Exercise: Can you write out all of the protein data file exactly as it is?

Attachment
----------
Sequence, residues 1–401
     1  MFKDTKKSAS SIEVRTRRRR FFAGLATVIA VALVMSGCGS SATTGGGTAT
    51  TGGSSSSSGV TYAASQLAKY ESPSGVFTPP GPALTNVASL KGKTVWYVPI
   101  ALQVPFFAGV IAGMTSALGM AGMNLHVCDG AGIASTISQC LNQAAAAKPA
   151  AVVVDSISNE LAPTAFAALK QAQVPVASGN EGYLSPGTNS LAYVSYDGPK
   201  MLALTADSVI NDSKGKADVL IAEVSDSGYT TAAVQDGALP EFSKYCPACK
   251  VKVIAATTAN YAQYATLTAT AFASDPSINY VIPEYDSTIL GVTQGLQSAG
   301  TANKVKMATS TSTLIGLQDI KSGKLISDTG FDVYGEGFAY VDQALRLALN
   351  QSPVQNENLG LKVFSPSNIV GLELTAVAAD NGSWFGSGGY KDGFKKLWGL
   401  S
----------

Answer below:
Sequence, residues 1–401
     1  MFKDTKKSAS SIEVRTRRRR FFAGLATVIA VALVMSGCGS SATTGGGTAT
    51  TGGSSSSSGV TYAASQLAKY ESPSGVFTPP GPALTNVASL KGKTVWYVPI
   101  ALQVPFFAGV IAGMTSALGM AGMNLHVCDG AGIASTISQC LNQAAAAKPA
   151  AVVVDSISNE LAPTAFAALK QAQVPVASGN EGYLSPGTNS LAYVSYDGPK
   201  MLALTADSVI NDSKGKADVL IAEVSDSGYT TAAVQDGALP EFSKYCPACK
   251  VKVIAATTAN YAQYATLTAT AFASDPSINY VIPEYDSTIL GVTQGLQSAG
   301  TANKVKMATS TSTLIGLQDI KSGKLISDTG FDVYGEGFAY VDQALRLALN
   351  QSPVQNENLG LKVFSPSNIV GLELTAVAAD NGSWFGSGGY KDGFKKLWGL
   401  S